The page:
One day I’ll actually play Flames of War. And on that day you’ll see a long over due AAR with whatever happens. Until then, I’m just going to keep making models; partly for nostalgia, and partly because I just love how they turn out. I picked up a couple of Ju. 87 Stukas for my German lists both for their iconic look and the fact that they’re in the basic 4th Edition ‘Armies of the Late War’ handbook I have. These Zvezda Stukas were much cheaper than the Battlefront ones so I decided to roll the dice and take a chance.
The kits were very easy to put together. There was a little bit of a gap between the fuselage and the wings pieces, but I was able to fill those easily with putty and mask it with paint. I also chose to remove the propeller blades to give the impression that the planes were in flight, and also for ease of storage (fewer delicate parts, etc.).
After spraying them with the same Chieftain Green I use for my British Armour it became readily apparent how little detail there is on these models. I was disappointed by this, but then remembered how little I’d paid for them so was unsurprised.
After doing a pin wash with Army Painters Army Tone (a localized wash with very little wash on the brush) I painted the underside of the planes with a duck egg blue. I can’t remember the name but it was from MSP. I had to do a couple of layers due to the dark green base coating. I forgot to take any pictures, but I swear it’s blue underneath! I also used my dark Pavement grey from Walmart on the wheels.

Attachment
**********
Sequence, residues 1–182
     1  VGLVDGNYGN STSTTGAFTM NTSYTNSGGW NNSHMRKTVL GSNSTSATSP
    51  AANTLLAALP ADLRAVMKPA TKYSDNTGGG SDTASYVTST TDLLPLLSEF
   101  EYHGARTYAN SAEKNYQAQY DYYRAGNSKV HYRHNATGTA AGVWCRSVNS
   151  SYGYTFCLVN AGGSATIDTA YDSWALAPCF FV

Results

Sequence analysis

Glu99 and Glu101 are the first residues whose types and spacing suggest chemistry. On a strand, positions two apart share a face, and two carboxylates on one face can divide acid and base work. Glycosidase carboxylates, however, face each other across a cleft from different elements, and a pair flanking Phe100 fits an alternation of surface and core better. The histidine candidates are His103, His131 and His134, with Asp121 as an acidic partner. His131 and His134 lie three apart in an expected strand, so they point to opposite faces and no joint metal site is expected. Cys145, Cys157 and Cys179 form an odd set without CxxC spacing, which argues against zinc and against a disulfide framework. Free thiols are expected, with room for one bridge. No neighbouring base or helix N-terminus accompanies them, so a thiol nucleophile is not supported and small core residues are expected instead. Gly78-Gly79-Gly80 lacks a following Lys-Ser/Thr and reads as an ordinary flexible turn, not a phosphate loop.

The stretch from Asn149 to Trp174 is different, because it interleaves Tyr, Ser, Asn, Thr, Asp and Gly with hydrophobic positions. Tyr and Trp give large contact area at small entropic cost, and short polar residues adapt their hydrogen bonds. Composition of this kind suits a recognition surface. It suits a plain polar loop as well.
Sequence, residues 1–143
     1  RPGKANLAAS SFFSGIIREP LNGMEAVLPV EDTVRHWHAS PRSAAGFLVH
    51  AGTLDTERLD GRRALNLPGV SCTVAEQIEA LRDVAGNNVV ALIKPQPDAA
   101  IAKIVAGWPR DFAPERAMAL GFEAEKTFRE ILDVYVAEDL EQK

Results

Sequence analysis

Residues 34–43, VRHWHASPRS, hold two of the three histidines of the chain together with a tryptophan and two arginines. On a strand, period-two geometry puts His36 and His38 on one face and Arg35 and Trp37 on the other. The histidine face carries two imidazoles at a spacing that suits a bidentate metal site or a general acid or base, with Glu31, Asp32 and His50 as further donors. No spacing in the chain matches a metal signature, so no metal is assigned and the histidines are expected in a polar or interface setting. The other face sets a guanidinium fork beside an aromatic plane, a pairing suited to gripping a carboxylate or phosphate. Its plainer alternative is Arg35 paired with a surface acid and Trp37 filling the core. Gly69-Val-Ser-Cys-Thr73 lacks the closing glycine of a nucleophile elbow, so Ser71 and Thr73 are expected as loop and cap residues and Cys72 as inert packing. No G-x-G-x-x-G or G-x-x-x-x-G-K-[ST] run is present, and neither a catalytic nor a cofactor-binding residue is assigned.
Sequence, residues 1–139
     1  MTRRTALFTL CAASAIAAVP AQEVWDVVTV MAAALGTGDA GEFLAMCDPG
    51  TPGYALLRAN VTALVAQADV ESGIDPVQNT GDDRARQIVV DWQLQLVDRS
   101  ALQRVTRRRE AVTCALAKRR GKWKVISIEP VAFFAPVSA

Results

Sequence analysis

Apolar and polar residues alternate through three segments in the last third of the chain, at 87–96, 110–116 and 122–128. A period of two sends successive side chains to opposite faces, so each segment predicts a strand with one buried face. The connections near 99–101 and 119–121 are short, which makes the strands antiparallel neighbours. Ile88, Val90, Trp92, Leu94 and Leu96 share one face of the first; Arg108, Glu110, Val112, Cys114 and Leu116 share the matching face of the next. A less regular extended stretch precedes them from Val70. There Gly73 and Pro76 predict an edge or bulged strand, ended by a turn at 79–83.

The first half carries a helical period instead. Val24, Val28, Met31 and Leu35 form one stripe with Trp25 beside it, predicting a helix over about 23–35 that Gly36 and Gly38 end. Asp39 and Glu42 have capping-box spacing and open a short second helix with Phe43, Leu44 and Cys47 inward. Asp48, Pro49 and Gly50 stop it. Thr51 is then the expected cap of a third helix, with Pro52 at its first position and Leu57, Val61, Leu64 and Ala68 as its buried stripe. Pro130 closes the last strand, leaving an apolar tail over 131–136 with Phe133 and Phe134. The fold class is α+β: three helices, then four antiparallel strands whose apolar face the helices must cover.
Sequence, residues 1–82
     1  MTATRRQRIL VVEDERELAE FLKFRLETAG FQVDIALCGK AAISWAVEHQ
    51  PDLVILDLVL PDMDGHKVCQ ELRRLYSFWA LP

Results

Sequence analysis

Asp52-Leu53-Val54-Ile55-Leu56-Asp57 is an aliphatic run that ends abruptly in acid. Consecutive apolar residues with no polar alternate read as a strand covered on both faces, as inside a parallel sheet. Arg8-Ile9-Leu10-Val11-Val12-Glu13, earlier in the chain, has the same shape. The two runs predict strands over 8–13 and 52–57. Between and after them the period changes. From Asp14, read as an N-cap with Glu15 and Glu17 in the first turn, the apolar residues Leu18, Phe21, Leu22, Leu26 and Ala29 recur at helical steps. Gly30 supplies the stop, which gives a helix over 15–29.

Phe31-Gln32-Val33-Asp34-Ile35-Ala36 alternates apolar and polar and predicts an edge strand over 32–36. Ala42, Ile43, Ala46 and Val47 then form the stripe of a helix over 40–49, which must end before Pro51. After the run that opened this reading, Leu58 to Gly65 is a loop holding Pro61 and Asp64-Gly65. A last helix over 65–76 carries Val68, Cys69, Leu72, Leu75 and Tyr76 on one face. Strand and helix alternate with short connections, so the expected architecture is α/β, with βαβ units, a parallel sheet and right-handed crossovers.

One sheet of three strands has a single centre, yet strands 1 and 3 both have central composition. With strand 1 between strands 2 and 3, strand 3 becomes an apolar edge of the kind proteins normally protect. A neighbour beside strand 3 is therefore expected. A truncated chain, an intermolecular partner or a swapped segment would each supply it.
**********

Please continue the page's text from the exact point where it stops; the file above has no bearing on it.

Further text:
I painted the nose and tail with a bright yellow. The tone I chose was called Flash Gitz Yellow from Citadel. I liked the vibrancy of this colour and thought it would make for a very bright looking model on the battlefield. It’s not often you get to use colours like this on a WWII battlefield so I’ll take every opportunity I can to break up the greens and browns!
The paint job isn’t actually very good with the yellow. I thinned my paints down as much as possible, but I still ended up needing four layers to get a solid block colour. The darker shaded parts come from another pin wash I did with Casandora Yellow. I applied two layers of yellow paint, then the wash, then another two or three layers of yellow paint. I’m still unhappy because up close there’s some streaking, but at 15mm I just need to take a step back and enjoy the aesthetic I think. Remember, I’m a lazy painter and am not trying to win any competitions.
To finish the basic colours I used Abadon Black for the nose cone, and then once dry I used two layers of White Scar – both from Citadel as well – to give the finished look. I painted the noses free hand so they’re not the most straight, but I need the practice. Bonus points for all the mess and half finished projects on my desk.
The next step was using some water to add the decals on the wings and fuselage. The model comes with two copies of the numbers 0-9, so you can make a good combination of numbers. I went with 106 and 107, don’t know why, just felt right. The canopy is a clear plastic piece that needed the panes painted – I did this off camera, but here they are applied.
So, here they are. Again, they look decent enough on the table but up close the combination of the lack of detailing on the model and my shoddy paint job leaves something to be desired. It’s fine though, but I might look elsewhere for my Allied aircraft in the future.
So there you have it. The Zvezda Ju. 87 Stuka. If you like the look they’re at a great price point, and readily available online. Thanks for reading, and see you next time!